Added: Tierra Oscar - Date: 12.07.2021 23:13 - Views: 40305 - Clicks: 4668
As a rule, when we look back at history, we usually see societies as much more conservative than ours. In the past, religion played a huge role on everything from laws and art to normal aspects of everyday life. For starters, as you saw from the title, we're talking about a royal, the ultimate representation of morality and virtue.
Adding to this wonderful equation, she was a woman who liked to discuss subjects that were taboo at the time, and she chose a particularly male-dominated genre to change people's perspectives on female sexuality and pleasure. She belonged to one of the most powerful families of the sixteenth century by being the daughter of Louise de Savoy quite a she-wolf bearer of monarchsand sister of King Francis I of France.
Her mother, who had an extremely acute sense for politics, knew that she had to prepare both of her children as best as she could, and for that reason, Marguerite had a privileged education equal to the one her brother received. During their reigns, both siblings became important cultural patrons, and naturally, she left an important legacy to Sex women Navarre world with her poetry. Fortunately, the original version survived, and we can now enjoy it just as she envisioned it well, minus the 28 stories she didn't get to write.
A group of people five women and five men are stranded in a town after a terrible storm has washed away the main ro. Since they have to wait for the storm to pass, someone suggests sharing a tale every day to entertain the others until they can return home safely. The interesting thing about this, as I mentioned before, is that back then, comedy was a male-dominated genre.
So, how did a queen, a symbol of grandeur and virtue, get away with a text like this? Ok, maybe we should rephrase the question since she was actually dead when it was published. How was a text like that, written by a monarch, published under her own name and even translated to different languages at a time of alleged strong conservative views?
And more importantly, does the book actually give readers a good lesson on sexuality and pleasure, as the title of this article suggests? However, the greatest part is Sex women Navarre she left all of this wisdom with such subtlety that, from its first printing to this day, it has been a classic literary text. One of the best examples of this perspective is "Tale 49," in which she introduces us to a countess with such a huge sexual appetite that, besides the King, she has sex with six different courtiers.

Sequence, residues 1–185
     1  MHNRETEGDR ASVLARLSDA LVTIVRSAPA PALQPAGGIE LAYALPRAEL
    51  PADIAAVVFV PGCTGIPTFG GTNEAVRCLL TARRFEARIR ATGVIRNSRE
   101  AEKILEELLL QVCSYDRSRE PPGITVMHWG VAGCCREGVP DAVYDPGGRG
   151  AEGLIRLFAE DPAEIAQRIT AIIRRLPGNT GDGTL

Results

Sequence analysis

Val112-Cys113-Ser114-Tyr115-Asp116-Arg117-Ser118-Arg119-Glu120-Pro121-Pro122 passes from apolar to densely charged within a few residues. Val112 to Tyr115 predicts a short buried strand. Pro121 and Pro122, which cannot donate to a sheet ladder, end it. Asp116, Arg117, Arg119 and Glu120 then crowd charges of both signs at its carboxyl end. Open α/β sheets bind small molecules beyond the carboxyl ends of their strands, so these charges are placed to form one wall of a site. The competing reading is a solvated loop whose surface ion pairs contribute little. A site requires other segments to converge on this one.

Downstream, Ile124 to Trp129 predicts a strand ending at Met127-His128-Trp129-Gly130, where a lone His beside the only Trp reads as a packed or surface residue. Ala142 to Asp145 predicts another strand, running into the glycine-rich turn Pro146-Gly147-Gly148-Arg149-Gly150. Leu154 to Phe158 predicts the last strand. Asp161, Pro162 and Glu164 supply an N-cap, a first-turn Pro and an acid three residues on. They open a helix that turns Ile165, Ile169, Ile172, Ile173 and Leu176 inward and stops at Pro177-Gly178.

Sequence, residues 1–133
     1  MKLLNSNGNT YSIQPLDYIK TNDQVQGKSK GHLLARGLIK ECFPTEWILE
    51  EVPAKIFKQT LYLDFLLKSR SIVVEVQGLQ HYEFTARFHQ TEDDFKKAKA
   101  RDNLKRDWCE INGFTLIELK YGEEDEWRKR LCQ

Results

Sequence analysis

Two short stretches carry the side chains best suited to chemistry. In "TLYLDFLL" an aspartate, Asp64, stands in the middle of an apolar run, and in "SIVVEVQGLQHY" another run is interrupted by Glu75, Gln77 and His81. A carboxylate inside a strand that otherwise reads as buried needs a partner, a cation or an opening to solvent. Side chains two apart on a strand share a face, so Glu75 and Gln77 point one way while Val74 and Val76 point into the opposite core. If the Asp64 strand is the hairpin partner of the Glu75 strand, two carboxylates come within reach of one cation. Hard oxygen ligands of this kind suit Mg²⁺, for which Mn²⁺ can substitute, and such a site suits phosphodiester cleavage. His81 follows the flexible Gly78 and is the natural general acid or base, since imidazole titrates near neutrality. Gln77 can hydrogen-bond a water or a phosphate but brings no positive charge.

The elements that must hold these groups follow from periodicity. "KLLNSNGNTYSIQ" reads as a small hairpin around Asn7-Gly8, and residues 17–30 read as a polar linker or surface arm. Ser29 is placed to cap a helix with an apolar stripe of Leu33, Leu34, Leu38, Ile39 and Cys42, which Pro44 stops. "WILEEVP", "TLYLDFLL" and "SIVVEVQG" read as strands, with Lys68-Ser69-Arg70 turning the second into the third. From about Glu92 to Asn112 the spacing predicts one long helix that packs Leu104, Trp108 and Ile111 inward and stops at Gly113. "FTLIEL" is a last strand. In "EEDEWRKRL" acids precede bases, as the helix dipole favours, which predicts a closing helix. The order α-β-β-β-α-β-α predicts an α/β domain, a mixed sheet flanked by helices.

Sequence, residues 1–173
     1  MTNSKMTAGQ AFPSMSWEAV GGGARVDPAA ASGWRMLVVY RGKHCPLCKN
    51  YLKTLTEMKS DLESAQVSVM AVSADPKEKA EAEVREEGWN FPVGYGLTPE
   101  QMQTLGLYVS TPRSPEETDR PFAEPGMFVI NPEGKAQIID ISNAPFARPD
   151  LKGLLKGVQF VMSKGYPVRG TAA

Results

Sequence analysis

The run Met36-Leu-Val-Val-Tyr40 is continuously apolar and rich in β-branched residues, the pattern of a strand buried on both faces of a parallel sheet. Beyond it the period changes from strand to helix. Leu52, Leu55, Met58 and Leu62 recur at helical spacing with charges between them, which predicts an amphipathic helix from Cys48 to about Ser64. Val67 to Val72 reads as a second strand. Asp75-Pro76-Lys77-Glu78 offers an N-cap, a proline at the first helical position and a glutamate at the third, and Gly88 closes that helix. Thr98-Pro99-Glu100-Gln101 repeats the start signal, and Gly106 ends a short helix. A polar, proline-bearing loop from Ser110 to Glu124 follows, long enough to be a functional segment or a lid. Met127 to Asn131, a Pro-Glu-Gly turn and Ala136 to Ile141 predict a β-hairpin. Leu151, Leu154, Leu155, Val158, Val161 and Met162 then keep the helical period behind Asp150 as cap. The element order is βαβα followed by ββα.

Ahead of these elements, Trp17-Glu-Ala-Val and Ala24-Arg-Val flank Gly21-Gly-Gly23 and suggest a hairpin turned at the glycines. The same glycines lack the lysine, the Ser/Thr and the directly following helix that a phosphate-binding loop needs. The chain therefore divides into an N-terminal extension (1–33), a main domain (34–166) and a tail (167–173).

The poor devils, believers of courtly love, thought that they had been chosen by the countess because she wanted Sex women Navarre special with them, ignoring the fact that she was sleeping with the others. One of these courtiers, unable to keep the relationship a secret, tells one of the other courtiers about his feelings and experiences with the beautiful countess.
The other courtier replied that he'd experienced exactly the same as his fellow courtier. Soon, the six of them realized that they had all been used and decided to get revenge. After some horrible ideas about how to make her pay, they all agreed that, ever the gentlemen, they would just expose her publicly to embarrass her in front of everyone. They appeared before her at a church wearing all black and chains around their necks, and the countess couldn't help but laugh at the ridiculous men. Hurt, but determined to get their revenge, with a flamboyant and poetic speech, they all claimed to be her servants and that, as such, they had tasted the delicacies of her food naturally referring to the passionate times they spent together.
This quote from the tale sums up the perspective and point of view of women in the different tales of the book:. This is just one example of how clearly Marguerite de Navarre understood the place women should have in society, not as men's property, but as independent individuals who put their dignity and pleasure before anyone else's, not letting anyone make them feel bad about something that is as natural as eating or breathing.
Not only does she argue that our sexuality is ours to enjoy however we see fit, but she also encourages us to do so without worrying about silly prejudices. Now, the book, as I mentioned before, was published in different languages, and it was something that both the educated elite and the working class enjoyed and read avidly. So, how come only very few people got the great lessons in it? However, these days, we have no excuse, and the tales can be so easily interpreted under our current moral standards and cultural references that we should start putting them into practice in our daily life.
Tags: eroticism literary criticism Women in history.
References: The Heptameron - Marguerite de Navarre. Keep on Reading.Sex women Navarre
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[The place of Margaret of Navarre's Comedy of Four Women () in the discourse on voluntary celibacy as a model of felicity from Ariosto to Gabrielle Suchon]